In 1880, Sligh Furniture Company started manufacturing furniture.[43] In 1881, the Furniture Manufacturers Association (FMA) was organized in Grand Rapids, it was apparently the first furniture manufacturing advocacy group in the country.[44] Also since 1912, Kindel Furniture Company,[45] and since 1922, the Hekman/Woodmark Furniture Company,[46] have been designing and manufacturing traditional American furniture in Grand Rapids. All of these companies are still producing furniture today.

The Grand Rapids area is home to a number of well known companies that include; Alticor/Amway (a consumer goods manufacturer and distributor), Highlight Industries (an industry leader in stretch wrap equipment), Spartan Stores (a food distributor and grocery store chain), Foremost Insurance Company (a specialty lines insurance company), Meijer (a regional supercenter chain), GE Aviation (formerly Smiths Industries, an aerospace products company), Wolverine World Wide (a designer and manufacturer of shoes, boots and clothing), MC Sports, Inc. (a regional sports retail chain), Universal Forest Products (a building materials company), and Schuler Books & Music, one of the largest independent bookstores in the country.[citation needed]

The city is also known as a center of Christian publishing, home to Zondervan, Baker Books, Kregel Publications, and Eerdmans Publishing, as well as Family Christian Stores, a Christian bookstore chain.

The surrounding area is noted for its fruit production. Due to its close proximity to Lake Michigan the climate is considered prime for apple, peach, and blueberry farming.

In 2010 Grand Rapids was named the "most sustainable midsize city in the U.S." by the U.S. Chamber of Commerce Civic Leadership Center and Siemens Corp. Grand Rapids was chosen over finalist cities Davenport, Iowa and Hoover, Alabama.[47]


Historical populations
Census Pop.
1850 2,686
1860 8,085 201.0%
1870 16,507 104.2%
1880 32,016 94.0%
1890 60,278 88.3%
1900 87,565 45.3%
1910 112,571 28.6%
1920 137,634 22.3%
1930 168,592 22.5%
1940 164,292 −2.6%
1950 176,515 7.4%
1960 177,313 0.5%
1970 197,649 11.5%
1980 181,843 −8.0%
1990 189,126 4.0%
2000 197,800 4.6%
2010 188,040 −4.9%

At the 2005-2007 American Community Survey 3-Year Estimates, 68.7% of the population were white, 21.8% black or African American, 16.4% Hispanic or Latino, 1.9% Asian, 1.5% American Indian and Alaska Native and 8.7% belonged to another race.[48] 26.9% of the population had a Bachelor's degree or higher; 12.5% of the population were foreign born.[49]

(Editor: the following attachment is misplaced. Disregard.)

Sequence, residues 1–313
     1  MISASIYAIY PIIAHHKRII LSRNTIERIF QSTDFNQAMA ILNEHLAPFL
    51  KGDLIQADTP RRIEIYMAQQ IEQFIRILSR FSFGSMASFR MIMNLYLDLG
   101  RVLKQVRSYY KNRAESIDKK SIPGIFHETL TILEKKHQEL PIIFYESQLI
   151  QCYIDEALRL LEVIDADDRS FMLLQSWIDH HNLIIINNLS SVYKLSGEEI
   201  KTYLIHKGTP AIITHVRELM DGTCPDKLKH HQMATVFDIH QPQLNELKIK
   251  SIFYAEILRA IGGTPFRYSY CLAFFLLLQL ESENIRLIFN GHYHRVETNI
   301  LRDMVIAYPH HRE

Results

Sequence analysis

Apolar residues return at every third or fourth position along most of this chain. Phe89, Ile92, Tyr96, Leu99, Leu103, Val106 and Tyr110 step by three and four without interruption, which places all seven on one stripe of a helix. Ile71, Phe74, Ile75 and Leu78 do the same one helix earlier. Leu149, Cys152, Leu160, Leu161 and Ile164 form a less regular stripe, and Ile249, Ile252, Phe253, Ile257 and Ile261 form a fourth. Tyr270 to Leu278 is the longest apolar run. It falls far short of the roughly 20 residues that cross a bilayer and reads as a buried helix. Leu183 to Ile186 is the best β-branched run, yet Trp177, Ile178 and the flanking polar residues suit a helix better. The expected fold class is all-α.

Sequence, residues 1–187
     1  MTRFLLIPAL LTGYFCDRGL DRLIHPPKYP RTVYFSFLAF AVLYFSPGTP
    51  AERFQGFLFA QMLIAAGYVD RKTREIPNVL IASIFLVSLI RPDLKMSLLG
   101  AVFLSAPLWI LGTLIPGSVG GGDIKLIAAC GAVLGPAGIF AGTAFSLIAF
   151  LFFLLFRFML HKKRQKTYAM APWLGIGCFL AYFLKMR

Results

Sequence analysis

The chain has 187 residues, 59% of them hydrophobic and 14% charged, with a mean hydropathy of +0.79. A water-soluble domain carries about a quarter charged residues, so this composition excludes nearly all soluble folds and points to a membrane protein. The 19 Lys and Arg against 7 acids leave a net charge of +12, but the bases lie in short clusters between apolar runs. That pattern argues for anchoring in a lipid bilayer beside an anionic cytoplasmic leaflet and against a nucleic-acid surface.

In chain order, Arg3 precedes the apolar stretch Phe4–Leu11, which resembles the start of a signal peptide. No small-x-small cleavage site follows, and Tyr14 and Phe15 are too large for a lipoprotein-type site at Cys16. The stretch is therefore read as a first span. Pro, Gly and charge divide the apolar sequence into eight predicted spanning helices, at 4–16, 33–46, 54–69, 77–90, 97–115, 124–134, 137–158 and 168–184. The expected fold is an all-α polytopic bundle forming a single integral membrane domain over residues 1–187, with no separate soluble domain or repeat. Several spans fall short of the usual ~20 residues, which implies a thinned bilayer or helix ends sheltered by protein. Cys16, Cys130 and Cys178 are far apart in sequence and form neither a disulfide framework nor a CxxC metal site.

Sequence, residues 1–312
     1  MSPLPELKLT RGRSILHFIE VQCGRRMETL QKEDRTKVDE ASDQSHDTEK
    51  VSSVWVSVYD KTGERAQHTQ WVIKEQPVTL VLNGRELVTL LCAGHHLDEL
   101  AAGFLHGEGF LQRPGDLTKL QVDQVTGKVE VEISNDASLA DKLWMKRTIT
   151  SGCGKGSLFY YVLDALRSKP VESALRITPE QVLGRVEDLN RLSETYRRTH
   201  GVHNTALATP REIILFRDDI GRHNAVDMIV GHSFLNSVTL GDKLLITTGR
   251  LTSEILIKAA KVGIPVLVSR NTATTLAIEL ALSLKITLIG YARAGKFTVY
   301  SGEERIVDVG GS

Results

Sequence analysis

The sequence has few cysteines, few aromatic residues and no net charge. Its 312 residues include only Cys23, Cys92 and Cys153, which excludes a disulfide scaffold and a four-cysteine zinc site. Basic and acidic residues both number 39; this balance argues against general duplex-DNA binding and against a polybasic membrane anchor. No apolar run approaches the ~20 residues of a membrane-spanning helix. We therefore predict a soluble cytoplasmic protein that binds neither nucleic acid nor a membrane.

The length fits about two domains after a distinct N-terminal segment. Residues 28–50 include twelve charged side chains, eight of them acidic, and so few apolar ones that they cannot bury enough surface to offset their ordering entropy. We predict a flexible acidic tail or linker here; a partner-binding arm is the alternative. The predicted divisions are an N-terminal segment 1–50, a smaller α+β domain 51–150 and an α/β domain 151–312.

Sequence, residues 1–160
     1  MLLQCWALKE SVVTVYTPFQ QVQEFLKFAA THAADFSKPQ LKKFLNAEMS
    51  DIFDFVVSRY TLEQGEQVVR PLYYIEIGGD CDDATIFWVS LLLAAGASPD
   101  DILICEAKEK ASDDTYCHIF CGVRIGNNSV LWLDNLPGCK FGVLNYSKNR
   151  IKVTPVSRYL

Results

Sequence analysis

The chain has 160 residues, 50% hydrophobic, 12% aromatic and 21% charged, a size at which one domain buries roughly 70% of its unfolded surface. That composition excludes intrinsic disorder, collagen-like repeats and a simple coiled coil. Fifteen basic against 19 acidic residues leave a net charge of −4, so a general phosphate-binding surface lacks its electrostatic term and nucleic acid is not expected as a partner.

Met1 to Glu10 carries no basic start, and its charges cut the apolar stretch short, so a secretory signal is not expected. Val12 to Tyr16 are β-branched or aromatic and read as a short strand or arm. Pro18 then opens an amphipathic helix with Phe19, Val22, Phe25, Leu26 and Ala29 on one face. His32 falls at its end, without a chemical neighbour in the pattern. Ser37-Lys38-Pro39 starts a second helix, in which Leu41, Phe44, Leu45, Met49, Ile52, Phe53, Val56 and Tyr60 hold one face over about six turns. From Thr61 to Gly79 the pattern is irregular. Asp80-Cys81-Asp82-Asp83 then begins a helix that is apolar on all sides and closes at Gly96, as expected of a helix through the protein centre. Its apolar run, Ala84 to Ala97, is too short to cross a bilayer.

As of the census of 2000,[50] there were 197,800 people, 73,217 households, and 44,369 families residing in the city. The population density was 4,431.2 per square mile (1,710.8/km²). There were 77,960 housing units at an average density of 1,746.5 per square mile (674.3/km²). The racial makeup of the city was 67.30% White American (62.5% non-Hispanic White), 20.41% African American, 0.74% Native American, 1.62% Asian American, 0.12% Pacific Islander American, 6.63% from other races, and 3.19% from two or more races. 13.05% of the population were Hispanic or Latino of any race. The city had a foreign-born population of 10.5%.

There were 73,217 households out of which 32.0% had children under the age of 18 living with them, 40.3% were married couples living together, 15.8% had a female householder with no husband present, and 39.4% were non-families. 30.8% of all households were made up of individuals and 10.0% had someone living alone who was 65 years of age or older. The average household size was 2.57 and the average family size was 3.24.

In the city the population was spread out with 27.0% under the age of 18, 13.1% from 18 to 24, 31.5% from 25 to 44, 16.7% from 45 to 64, and 11.6% who were 65 years of age or older. The median age was 30 years. For every 100 females there were 95.8 males. For every 100 females age 18 and over, there were 92.5 males.

The median income for a household in the city was $37,224, and the median income for a family was $44,224. Males had a median income of $33,050 versus $26,382 for females. The per capita income for the city was $17,661. 15.7% of the population and 11.9% of families were below the poverty line. Out of the total people living in poverty, 19.4% are under the age of 18 and 10.4% are 65 or older.


Christian Reformed

The Christian Reformed Church has a large following in Grand Rapids, and its central offices are located in the city.[51]


Grand Rapids is home to the Roman Catholic Diocese of Grand Rapids, which was created on May 19, 1882 by Pope Leo XIII. The Diocese comprises 176,098 Catholics in West Michigan, 102 parishes, and four high schools: Catholic Central High School, Grand Rapids; Muskegon Catholic Central High School, Muskegon; St. Patrick High School, Portland; and West Catholic High School, Grand Rapids.[52] Walter A. Hurley is the current Bishop of Grand Rapids.

Government and politics

Like the surrounding counties, the Grand Rapids area has traditionally been a stronghold for the Republican Party, but the city itself leans Democratic.

The city is the center of the 3rd Congressional District, represented by Republican Justin Amash. Former President Gerald Ford represented the district from 1949 to 1973. Ford died on December 26, 2006 at his home in Rancho Mirage, California, and was buried on the grounds of his Presidential Museum in Grand Rapids on January 3, 2007.

The Grand Rapids area (including the suburbs of Ada, East Grand Rapids, Wyoming, Grandville, Walker, and Kentwood) also serves as the home business base of one of the largest political donors to the national Republican Party, Richard and Helen DeVos, and also to the former Ambassador to Italy, Peter Secchia.

Though the Grand Rapids area has a reputation for conservatism, the city proper tends to elect Democrats. Both of its representatives in the Michigan State House of Representatives are Democrats, and in the five most recent presidential elections Democratic candidates Bill Clinton, Al Gore, John Kerry, and Barack Obama won a majority or plurality of votes in the city of Grand Rapids. The last Republican candidate for President to carry the city was George H.W. Bush in 1988.

Commission-Manager plan